We sat down with Marsh Lefler, President of Runic Games, at PAX to talk about Hob. The third game from the Seattle based company, Hob is an adventure game set in a strange world humming with life and mysterious technology. As you traverse this world you will learn more about where you are and what your role is. We arrived at Runic's booth very curious about Hob, and our time there left us even hungrier for details.
Our demo was short, but we got a taste for the things to come. I was immediately drawn to the game world. Verdant green trees, roots and vines resembling circuits and wires. In the distance we could hear the calls of various animals, hopefully friendly. The first enemies we encountered were bat-like, with long bony snouts. With a button press, my character drew a sword and stood poised for combat. Attacks functioned in a familiar combo method. Finding the cadence of each swing, I was quickly stringing multiple attacks together, making short work of the pack of scavengers.
Soon after we were wandering through side paths and clamoring up ledges, when Marsh pointed out one of Hob's interesting features. Unlike many action RPG's, Hob doesn't allow the player to control the camera. Marsh explained that this was a very deliberate choice, allowing them to create vignettes from time to time and pointing out things happening around the player that are important to the narrative. Focusing the player's attention is very important, as the game contains no dialogue whatsoever.
|Can you make out the giant robot?|
I know many gamers reaction to uncontrollable cameras is to cringe and fret, but in our 40 minute demo, we never lost track of the character on the screen, an impressive feat in a game world that so often moves and changes. Reaching a high ledge, the camera pulled out, revealing that we were standing atop the ruins of a gigantic robot, a detail that we wouldn't have otherwise been able to discern, covered as it was in moss and vines.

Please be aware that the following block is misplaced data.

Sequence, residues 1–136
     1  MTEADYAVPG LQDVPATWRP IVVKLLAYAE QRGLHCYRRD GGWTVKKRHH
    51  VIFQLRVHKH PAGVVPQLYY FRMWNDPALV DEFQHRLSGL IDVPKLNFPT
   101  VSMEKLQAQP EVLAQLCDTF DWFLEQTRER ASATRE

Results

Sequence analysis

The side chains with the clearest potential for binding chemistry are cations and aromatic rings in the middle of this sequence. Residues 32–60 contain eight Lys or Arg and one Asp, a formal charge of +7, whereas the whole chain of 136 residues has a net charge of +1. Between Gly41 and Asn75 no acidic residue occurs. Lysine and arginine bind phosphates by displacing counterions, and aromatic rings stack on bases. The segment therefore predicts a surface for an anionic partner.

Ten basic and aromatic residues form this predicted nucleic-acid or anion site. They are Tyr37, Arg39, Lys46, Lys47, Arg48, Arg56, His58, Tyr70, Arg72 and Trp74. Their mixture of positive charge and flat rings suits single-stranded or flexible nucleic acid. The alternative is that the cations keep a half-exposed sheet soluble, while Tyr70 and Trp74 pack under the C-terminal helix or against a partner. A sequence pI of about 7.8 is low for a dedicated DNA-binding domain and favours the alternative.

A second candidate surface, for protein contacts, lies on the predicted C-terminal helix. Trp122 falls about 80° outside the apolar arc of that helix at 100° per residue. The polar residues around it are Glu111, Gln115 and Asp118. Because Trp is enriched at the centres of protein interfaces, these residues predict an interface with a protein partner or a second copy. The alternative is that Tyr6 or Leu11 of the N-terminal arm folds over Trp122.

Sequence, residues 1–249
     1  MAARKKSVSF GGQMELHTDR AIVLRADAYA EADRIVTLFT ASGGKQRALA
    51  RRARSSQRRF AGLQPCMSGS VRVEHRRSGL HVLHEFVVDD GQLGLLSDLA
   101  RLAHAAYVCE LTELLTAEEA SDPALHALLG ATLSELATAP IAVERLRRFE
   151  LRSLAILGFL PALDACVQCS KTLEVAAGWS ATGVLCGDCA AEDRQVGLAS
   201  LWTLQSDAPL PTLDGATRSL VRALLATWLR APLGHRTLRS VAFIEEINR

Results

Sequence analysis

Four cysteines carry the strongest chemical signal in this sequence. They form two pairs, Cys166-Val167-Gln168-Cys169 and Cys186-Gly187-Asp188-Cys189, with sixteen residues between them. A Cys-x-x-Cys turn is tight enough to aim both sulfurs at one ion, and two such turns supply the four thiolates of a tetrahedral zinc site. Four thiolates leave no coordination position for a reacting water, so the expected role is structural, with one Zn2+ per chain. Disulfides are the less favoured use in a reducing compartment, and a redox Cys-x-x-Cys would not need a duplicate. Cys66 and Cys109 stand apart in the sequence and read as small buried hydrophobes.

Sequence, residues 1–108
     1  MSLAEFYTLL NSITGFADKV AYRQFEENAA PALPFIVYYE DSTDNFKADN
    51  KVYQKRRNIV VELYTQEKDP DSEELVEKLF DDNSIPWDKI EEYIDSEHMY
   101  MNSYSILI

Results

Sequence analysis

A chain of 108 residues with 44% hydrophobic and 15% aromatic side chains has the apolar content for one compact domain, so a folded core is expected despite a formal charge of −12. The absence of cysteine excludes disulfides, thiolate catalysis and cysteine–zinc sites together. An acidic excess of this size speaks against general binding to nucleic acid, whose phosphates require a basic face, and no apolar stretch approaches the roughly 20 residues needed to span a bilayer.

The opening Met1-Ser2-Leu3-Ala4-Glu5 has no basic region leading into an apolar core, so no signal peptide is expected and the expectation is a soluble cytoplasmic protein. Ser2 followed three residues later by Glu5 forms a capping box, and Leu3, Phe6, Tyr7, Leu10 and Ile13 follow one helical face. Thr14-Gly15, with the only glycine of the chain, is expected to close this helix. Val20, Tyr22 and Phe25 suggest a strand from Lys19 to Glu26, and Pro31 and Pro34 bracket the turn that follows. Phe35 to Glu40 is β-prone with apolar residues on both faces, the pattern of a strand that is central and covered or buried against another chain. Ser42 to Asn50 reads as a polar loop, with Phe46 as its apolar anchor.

We slotted a block into a space in the wall, opening an elevator that took us below the forest into a dark, shifting mass of machinery. Until this point, we hadn't found many other uses for the large gauntlet the character wears on it's left hand. But here in the world's underbelly, Marsh walked us through some of the details of the massive, armored glove. It has many uses, most of which are unlocked by discovering modules for it. In the cavern, we used a magnetic grappling hook to latch onto pillars and swing from wall to wall. Later, we used the same ability to pull armor off of a large, trollish enemy, hinting at a certain versatility to the modules rather than the Zelda standard of "one item, one use."
|Some concept art showing the gauntlet equipped with various modules.|
There is so much more to Hob, but for now, Runic is keeping very quiet about it. We have a lot of questions about the world, and I think they like it that way. It's that curiosity the team is counting on to drive players to work out the game's secrets. From our impressions at PAX, that curiosity won't be hard to catch; Hob is delightful, strange and so very, very intriguing.